Historical Portraits Picture Archive

Portrait miniature of an Officer of a Royal regiment of Foot, wearing scarlet coat with dark blue facings and gold lace, the lace loops on his lapels square-ended 

George Engleheart (1750/3-1829)

Portrait miniature of an Officer of a Royal regiment of Foot, wearing scarlet coat with dark blue facings and gold lace, the lace loops on his lapels square-ended, George Engleheart
Watercolour on ivory
Oval, 35mm (1.4 ins.) high
Private Collection, Vienna.
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Original gold bracelet clasp frame, the reverse with exhibition label (illegible).

This engaging portrait miniature of an unknown officer, datable to around 1780, is set into its original bracelet clasp. Engleheartís skill and fluency can be fully appreciated in this particularly well preserved painting, with colours almost as fresh and vivid as they would have been in the eighteenth century. It is likely that the bracelet containing this portrait was worn by the sitterís wife, a fashion endorsed by Queen Charlotte, wife of George III. Queen Charlotte was given a miniature of her husband as a wedding present from George III; this romantic and extremely personal gesture allowed the queen to be with her husband always (even if sometimes only in miniature form).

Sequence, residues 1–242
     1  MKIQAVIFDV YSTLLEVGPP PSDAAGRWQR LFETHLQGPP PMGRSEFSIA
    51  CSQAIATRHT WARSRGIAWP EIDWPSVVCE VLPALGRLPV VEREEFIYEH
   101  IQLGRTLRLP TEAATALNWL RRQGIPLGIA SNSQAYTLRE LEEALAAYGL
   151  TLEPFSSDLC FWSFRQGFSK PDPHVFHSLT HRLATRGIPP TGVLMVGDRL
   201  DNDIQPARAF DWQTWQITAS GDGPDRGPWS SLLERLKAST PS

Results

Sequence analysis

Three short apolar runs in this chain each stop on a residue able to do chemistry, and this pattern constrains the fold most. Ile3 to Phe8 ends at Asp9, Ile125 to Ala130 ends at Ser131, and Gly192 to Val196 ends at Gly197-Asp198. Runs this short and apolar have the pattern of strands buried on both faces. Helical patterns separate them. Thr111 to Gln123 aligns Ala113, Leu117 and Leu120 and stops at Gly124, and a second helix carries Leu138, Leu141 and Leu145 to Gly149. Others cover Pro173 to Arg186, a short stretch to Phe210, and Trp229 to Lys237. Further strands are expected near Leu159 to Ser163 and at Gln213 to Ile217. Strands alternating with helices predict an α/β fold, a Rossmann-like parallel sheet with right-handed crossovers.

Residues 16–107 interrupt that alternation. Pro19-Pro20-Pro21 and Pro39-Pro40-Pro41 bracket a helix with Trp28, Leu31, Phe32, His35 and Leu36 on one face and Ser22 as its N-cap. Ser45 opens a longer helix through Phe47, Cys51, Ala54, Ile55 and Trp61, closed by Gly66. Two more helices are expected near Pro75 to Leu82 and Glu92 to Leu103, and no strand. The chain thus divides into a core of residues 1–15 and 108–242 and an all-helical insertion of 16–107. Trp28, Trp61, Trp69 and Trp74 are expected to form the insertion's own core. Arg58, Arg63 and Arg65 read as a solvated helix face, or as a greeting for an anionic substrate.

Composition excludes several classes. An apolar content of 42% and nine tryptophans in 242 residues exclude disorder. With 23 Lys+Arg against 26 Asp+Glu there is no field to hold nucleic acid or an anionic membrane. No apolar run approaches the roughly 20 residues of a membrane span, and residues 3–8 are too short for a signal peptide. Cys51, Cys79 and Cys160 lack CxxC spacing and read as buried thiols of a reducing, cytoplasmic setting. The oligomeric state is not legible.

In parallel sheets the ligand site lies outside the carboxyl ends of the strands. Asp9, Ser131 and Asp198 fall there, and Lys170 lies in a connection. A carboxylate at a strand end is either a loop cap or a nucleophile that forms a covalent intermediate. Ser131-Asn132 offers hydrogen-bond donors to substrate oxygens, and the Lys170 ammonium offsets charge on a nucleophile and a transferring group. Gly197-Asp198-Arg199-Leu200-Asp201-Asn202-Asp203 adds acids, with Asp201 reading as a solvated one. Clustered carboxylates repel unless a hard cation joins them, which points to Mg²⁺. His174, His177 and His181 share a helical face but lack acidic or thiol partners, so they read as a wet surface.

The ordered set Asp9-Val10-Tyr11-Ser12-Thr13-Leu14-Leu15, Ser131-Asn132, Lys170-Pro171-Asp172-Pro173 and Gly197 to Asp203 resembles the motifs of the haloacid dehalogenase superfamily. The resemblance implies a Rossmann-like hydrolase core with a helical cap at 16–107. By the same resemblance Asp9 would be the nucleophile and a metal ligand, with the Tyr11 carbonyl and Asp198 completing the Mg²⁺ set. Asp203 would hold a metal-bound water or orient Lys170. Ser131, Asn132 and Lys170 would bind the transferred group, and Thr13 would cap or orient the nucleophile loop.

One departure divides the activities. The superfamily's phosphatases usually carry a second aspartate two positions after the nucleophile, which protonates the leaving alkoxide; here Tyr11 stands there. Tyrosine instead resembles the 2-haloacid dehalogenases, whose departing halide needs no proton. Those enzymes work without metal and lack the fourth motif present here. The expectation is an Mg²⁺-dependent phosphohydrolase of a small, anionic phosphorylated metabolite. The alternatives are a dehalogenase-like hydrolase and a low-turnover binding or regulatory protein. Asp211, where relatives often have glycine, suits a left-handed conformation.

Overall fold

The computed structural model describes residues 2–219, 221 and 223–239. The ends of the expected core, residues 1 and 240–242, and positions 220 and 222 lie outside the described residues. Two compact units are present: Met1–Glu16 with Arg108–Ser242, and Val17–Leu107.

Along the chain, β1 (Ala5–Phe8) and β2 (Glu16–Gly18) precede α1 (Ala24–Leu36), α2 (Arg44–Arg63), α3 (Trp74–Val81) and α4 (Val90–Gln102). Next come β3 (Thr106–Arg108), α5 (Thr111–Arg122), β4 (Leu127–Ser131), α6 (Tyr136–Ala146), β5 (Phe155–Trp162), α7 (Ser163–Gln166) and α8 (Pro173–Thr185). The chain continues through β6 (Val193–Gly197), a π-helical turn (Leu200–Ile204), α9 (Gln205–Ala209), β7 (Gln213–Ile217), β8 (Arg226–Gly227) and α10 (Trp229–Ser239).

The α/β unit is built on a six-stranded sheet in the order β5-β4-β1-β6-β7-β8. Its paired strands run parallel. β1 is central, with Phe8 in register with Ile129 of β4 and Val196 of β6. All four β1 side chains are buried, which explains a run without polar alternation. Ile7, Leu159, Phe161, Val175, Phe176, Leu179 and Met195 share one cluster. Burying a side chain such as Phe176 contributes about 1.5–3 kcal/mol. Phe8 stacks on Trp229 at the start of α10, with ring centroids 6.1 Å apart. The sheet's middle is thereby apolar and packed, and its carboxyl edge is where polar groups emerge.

Engleheart ranks among Smart, Cosway, and Humphry as one of the most talented miniaturists active in Georgian England. Engleheart was the third surviving son of a German plaster-modeller, Francis Engleheart, born in Kew, London, in 1750, with an innate creative ambition inherited from his father. His artistic verve helped him to carve a successful and extraordinarily prolific career as an accomplished miniaturist. According to his fee-books, now in private hands, he produced some 4,853 portrait miniatures on ivory during his lifetime, many of which depicting notable members of Londonís high society.
He began his professional training in 1769, when he was admitted to the Royal Academy Schools in London, where he started as the first pupil of the Irish landscape artist George Barret (c.1730 - 1784). He shortly moved on to become an apprentice of sorts, working under the supervision of the celebrated portrait painter, Sir Joshua Reynolds (1723-1792). He absorbed stylistic and technical influence from his master by meticulously copying his portraits in miniature. Indeed, his subsequent miniatures betray glimmers of those stylistic and compositional devices absorbed during his early years of imitation. During the period from 1773 to 1822, Engleheart exhibited selected works from his growing inventory at the Academy.
The skill and virtuosity apparent in his work attracted the attention of King George III who, in 1789, employed him as his Pictor Primus. This honour awarded him an abundance of commissions, some twenty-five from the monarch and royal family alone, and he henceforth built up a robust following of loyal patrons.
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